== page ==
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Audubon Florida
The Advocate
The Florida House and Senate released their budget proposals this week, promising billions for land and water conservation. Now the work begins to ensure these proposals are realized and funds are spent where they can do the most good for Florida’s special places and native species. Bills focused on biosolids, water quality, Everglades health, and more passed their respective committees. In South Florida, another Everglades groundbreaking shows that restoration momentum is flowing into the River of Grass.

Below image: Snowy Egret. Photo: Beth Schultz/Audubon Photography Awards.
Snowy Egret with its bill open.
Florida House and Senate Announce Proposed Budgets
The House Agriculture and Natural Resources Appropriations Subcommittee and the Senate Appropriations Committee on Agriculture, Environment and General Government proposed their respective budgets this week. While we see substantial funding for the environment in these proposals, we know this is just one step in negotiating the final budget.

The Senate’s environmental budget totaled $9.7 billion. Funding for the Everglades and the Indian River Lagoon were a big focus in the budget (more details in table below), with more than $1 billion allocated towards water and Everglades restoration. To assist the Department of Environmental Protection’s permitting programs carry out essential functions, 33 new full-time positions have been proposed. Despite a shortfall of $700 million in Land Acquisition Trust Funds due to a slowing down of document stamp revenue, a General Revenue allocation helped bridge the gap.

The House Agriculture and Natural Resources Appropriations Subcommittee shared highlights of their FY 2023-2024 proposed budget as well. The proposed budget is $6.8 billion, including $1.6 billion for water resources and Everglades restoration (see below).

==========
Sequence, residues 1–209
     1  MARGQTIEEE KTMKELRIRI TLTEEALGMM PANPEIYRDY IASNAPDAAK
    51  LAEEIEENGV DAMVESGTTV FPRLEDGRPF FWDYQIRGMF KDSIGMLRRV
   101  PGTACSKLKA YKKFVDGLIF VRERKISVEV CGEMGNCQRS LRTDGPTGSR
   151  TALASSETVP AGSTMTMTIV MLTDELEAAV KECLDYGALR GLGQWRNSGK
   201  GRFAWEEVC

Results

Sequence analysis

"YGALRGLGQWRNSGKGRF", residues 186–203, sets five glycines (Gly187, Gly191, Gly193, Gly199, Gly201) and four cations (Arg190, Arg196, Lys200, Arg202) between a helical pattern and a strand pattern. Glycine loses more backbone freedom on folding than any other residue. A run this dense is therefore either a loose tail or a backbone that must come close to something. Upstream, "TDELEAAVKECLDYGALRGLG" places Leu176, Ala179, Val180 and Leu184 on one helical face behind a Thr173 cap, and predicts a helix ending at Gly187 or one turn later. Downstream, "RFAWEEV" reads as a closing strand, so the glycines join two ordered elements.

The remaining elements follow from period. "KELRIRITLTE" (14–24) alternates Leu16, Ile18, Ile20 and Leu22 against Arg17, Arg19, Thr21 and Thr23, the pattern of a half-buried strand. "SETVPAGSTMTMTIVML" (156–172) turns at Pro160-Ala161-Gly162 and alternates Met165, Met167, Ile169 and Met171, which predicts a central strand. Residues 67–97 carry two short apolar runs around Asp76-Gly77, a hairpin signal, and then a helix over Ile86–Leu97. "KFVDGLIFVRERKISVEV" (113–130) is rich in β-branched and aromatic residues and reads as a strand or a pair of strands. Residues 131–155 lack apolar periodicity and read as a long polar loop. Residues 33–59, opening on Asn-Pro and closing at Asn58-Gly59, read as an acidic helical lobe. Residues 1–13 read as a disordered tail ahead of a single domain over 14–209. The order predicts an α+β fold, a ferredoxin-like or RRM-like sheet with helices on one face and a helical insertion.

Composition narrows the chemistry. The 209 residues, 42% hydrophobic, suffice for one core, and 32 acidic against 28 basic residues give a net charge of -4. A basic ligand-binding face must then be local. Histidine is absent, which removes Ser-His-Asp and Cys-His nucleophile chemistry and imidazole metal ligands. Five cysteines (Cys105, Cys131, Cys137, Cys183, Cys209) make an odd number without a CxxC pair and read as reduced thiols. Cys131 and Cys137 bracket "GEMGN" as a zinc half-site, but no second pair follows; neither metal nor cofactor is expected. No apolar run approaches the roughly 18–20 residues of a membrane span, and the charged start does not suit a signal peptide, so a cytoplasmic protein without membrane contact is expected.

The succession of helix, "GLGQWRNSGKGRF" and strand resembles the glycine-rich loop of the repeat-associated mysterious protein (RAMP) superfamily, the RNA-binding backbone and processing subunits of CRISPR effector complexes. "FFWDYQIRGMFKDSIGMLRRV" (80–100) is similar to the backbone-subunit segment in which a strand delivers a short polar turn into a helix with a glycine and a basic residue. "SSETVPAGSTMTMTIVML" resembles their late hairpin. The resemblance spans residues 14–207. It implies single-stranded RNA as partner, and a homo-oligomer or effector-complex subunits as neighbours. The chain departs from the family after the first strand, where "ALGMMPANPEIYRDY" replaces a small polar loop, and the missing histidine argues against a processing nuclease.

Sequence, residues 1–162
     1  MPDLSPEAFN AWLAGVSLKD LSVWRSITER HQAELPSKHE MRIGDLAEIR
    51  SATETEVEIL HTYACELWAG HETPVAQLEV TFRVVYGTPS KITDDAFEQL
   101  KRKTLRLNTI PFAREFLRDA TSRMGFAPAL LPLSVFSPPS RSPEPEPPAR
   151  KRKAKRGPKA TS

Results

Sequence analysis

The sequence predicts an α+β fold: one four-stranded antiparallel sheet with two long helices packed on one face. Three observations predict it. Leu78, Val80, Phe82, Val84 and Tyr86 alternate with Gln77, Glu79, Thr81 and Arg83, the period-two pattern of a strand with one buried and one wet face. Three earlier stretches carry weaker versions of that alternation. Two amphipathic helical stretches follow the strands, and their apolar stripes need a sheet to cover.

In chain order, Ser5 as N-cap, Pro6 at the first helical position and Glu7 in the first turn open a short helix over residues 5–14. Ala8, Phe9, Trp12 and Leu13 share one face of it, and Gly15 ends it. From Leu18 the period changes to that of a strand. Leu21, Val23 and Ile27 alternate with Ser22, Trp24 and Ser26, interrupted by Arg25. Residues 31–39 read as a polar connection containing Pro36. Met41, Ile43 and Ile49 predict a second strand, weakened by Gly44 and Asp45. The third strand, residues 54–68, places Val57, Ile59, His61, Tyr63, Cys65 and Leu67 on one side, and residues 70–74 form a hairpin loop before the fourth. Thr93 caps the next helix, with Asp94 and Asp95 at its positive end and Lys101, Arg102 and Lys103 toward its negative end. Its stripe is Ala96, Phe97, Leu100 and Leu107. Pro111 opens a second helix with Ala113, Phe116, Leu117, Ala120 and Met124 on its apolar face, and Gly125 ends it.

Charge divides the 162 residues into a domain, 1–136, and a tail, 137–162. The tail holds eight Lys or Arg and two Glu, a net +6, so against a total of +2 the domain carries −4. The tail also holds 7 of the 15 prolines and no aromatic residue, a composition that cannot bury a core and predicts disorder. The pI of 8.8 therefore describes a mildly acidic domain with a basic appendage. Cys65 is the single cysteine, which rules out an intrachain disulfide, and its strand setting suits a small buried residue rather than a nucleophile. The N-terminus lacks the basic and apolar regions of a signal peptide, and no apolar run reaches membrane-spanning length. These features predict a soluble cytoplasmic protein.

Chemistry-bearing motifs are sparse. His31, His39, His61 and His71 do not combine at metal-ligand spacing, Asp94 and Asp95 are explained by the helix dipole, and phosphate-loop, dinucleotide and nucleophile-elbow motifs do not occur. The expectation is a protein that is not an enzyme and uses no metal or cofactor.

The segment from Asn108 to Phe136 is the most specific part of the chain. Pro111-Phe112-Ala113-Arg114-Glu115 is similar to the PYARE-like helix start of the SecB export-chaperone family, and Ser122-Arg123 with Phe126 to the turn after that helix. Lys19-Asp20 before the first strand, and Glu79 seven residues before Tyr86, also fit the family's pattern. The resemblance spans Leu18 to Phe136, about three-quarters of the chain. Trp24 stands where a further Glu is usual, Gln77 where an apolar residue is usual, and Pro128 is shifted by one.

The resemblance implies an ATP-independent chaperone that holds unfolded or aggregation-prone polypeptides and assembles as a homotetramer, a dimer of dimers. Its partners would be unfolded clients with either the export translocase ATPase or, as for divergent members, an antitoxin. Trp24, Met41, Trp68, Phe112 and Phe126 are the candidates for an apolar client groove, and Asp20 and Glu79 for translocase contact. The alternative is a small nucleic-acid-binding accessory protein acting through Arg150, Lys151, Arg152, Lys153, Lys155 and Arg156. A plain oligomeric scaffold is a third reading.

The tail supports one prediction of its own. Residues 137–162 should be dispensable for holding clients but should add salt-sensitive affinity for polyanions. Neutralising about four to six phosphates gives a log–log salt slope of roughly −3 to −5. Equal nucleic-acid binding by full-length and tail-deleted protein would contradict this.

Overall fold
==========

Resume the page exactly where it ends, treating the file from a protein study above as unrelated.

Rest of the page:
While the Governor makes budget recommendations, the House and Senate ultimately consider those recommendations and then propose their own allocations, negotiating disagreements in committees until reaching consensus with final passage.  

Budget Highlights:
table with House and Senate budget proposals
Yellow-throated Warbler sitting on a branch, with a green background.
A Busy Week in the Senate Committee on Environment and Natural Resources
Everglades Protection Legislation Clears Next Hurdle

Everglades Protection Area, SB 0192, by Sen. Avila (R- Miami Springs) will require comprehensive plans and amendments covering land within two miles of the Everglades Protection Area to follow the more rigorous State Coordinated Review Process instead of the Expedited State Review Process. It passed its second committee of reference, the Senate Committee on Environment and Natural Resources (Chair, Sen. Ana Maria Rodriguez (R-Doral)) on Tuesday.  The bills has now been referred to Rules.  The House companion, HB 175, was filed by Rep. Busatta Cabrera (R-Coral Gables).
Yellow-throated Warbler. Photo: Mark Eden/Great Backyard Bird Count.
Sandhill Crane flys in the sky.
Florida Forever Program Acquisition Changes

SB 1476, State Acquisition of Lands, by Sen. Corey Simon (R-Tallahassee) will require the Department of Environmental Protection (DEP) and the Department of Agriculture and Consumer Services (FDACS) to disclose otherwise confidential appraisal reports to private landowners or their representatives during acquisition negotiations.

In addition, the bill requires that the contract state that the final purchase price must be the fair market value as determined by the highest appraisal. While the policy of the last administration to offer only 90% of appraised value for acquisitions was harmful to the state’s ability to broker deals, the current administration has ended that unfair practice. At the same time, it is important for the state to have the ability to negotiate a fair price for taxpayers. We will continue to work with sponsors to ensure landowners are treated fairly and the state has the ability to negotiate competitively.

The bill passed favorably through this committee and is referred to the Appropriations Committee on Agriculture, Environment, and General Government. The House companion, HB 1271, was filed by Rep. Canady (R-Lakeland).